Presenters at this year's TEDxUChicago Talks.
TEDxUChicago brought the TED-style talks back to UChicago for the third year in a row. TED stands for Technology, Entertainment and Design, and the conference brings together successful people to give 15 to 18 minute talks about their life's work. This year's theme was Theory in Action, and had 11 speakers in the domains of Culture, Story Telling and Innovation.
The theme for the morning session was Society, kick-started by a rousing talk from Dr. Eli Finkel, a Professor of Psychology at the Northwestern University. Dr. Finkel shared his findings about romantic attraction and conflict resolution, giving the young audience a tool-kit of how to spend 20 minutes every year to build a better marriage. Audience reactions indicated that this talk was one of the highlights of the event, and among the most talked about during the breakout sessions. Next to follow was Thea Klein-Mayer, who narrated inspirational stories that drew upon her past experiences to aid the success of today's student innovators and their insightful solutions as a Design for America fellow. Robert Lipman, a chef and a first year student at UChicago, followed Klein-Mayer, and discussed his experiences related to creating The Hearth, an underground restaurant at UChicago that unites 12 people from all corners of the campus over an elaborate four-course dinner. Through this unique concept, The Hearth also provides an opportunity for students and professors to gather together for lively conversations once every month.
The Storytelling theme started off with Dr. Bryan Pardo, an Associate Professor in the Department of Electrical Engineering and Computer Science at Northwestern University, who talked about his research as the head of the Northwestern University Interactive Lab. Next was Dr. Jo Tyler, an Associate Professor at Penn State University, who emphasized how stories have a life of their own. According to Dr. Tyler, to tell a story, you have to connect to it and live as part of the story. Like a caged lion loses its "lion-ness," a rehearsed story told without any emotional connect fails to convince the listener.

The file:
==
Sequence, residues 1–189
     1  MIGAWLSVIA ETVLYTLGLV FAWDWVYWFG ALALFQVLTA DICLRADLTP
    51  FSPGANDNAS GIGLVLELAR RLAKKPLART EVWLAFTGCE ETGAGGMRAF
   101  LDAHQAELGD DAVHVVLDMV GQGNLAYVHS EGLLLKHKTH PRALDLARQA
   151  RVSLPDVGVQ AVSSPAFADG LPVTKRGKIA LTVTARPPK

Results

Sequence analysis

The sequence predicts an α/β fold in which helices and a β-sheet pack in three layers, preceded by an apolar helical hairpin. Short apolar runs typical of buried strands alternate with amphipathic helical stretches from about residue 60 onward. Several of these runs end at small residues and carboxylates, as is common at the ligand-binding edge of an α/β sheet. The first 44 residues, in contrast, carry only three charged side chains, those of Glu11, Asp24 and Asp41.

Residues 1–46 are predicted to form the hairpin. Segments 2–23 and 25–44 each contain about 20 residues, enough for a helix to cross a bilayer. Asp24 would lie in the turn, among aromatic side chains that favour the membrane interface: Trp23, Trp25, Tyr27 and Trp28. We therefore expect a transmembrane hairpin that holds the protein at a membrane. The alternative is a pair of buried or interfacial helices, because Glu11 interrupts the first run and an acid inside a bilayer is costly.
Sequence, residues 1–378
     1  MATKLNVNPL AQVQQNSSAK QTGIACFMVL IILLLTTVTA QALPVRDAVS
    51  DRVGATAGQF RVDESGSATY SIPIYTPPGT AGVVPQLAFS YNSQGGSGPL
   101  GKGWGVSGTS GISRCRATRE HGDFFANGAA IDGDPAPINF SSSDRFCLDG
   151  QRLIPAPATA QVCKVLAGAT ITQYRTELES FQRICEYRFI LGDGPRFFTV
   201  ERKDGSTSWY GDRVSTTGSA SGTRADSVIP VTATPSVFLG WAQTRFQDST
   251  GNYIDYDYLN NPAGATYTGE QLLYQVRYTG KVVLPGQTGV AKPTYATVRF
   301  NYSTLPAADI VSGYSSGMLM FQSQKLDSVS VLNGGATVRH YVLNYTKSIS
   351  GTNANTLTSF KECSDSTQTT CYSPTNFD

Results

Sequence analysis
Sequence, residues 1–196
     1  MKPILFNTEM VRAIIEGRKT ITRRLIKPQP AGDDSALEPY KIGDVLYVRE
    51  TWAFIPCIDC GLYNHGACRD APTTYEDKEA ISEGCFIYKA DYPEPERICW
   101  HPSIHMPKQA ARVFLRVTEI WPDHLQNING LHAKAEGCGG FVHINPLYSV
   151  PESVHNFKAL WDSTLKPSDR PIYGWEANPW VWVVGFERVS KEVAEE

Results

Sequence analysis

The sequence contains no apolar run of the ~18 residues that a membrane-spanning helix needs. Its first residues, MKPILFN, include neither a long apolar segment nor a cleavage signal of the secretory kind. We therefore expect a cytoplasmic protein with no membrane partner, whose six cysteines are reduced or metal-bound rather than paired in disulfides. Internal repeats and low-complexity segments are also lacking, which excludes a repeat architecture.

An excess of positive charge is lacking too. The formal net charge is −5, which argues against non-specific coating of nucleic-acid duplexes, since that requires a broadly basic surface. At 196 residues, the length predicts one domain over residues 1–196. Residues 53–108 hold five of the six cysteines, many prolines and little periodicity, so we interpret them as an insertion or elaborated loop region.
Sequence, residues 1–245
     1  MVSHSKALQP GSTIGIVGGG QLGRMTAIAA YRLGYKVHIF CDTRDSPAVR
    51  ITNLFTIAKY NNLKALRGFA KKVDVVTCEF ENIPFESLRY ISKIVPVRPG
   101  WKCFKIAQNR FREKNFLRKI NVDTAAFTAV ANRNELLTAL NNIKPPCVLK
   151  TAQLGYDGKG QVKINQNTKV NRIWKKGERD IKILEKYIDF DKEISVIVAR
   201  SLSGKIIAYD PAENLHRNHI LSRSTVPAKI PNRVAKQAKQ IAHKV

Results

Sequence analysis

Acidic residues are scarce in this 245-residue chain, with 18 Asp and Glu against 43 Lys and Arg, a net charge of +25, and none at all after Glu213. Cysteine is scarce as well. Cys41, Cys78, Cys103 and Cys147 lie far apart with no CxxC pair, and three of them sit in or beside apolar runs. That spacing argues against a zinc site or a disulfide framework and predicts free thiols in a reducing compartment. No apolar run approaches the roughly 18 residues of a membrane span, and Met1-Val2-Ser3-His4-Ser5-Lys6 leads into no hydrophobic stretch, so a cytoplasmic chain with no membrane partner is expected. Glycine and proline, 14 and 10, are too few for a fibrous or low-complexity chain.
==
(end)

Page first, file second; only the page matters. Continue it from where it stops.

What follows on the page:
Kambale Musavuli, a native of the Democratic Republic of Congo and a human rights activist, drew the audience's attention towards the plight of Congolese civil society due to prolonged military conflicts and social turmoil. It was surprising to learn that the Democratic Republic of Congo is widely considered to be the richest country in the world in terms of natural resources, and its untapped deposits of raw minerals are estimated to be worth in excess of US$ 24 trillion, which also motivates the ongoing political strife. He emphasized how several million Congo natives have lost their lives in a ruthless political struggle and why peace and stability in Congo, a key African nation, is critical for the growth of the African continent and the growth of the world economy. Next up were Daniel Simkin and Ethan Waserman, who talked about Daniel's personal struggle with cancer and how their non-profit is assisting cancer patients with their challenges.
During a brief break after these conversations our very own Kate Hui '14 and Linnea Meyer '14 conducted an improv workshop in the McCormick lounge while the rest of the audience was entertained by a performance from Chicago's Men's A Capella group.
The final session of the day focused on Innovation. Jessica Ladd, founder of Sexual Health Innovations (SHI), shared her very personal story about a sexual assault at the tender age of 16 and how that incident motivated her to dedicate her future to improving sexual health. One of the very first projects of SHI was to develop a website which allows user to notify their partners if they have been diagnosed with an STD in a safe and secure manner. Her message was to encourage the audience to find something they were passionate about, to take action and to find meaning in their own lives. Next was Sue Khim, co-founder of AllTuition.com and Brilliant.org, who discussed the large need and opportunity to change the educational delivery system so that education can be customized according to the needs of each individual. She stressed the idea that students need a better way to identify their strengths and have better access to knowledge and training. She's working on an online tool to provide this.
Rishad Tobaccowala '82, an active contributor at Booth and in the entrepreneurial landscape in the City of Chicago, delivered the closing keynote. Rishad explained how the evolving future of the world can be seen through three metrics: 1) Demographics – the changing balance in the distribution of young population in the world from developed countries to developing countries, 2) Globalization – the world economies are converging and resource sharing is becoming global and 3) Digitization – the world has been exponentially moving towards a digital age which is changing the entire business paradigm. He dug into his experience of leading transformation at his own company, and had three key takeaways for his audience to go about building a career in the digital age: be active online (e.g., blog) because Google is becoming your default resume, do something new every day to get new ideas and find a job that you enjoy because you will end up spending way too much time there.
Visit www.tedxuchicago.com to view video of the talks.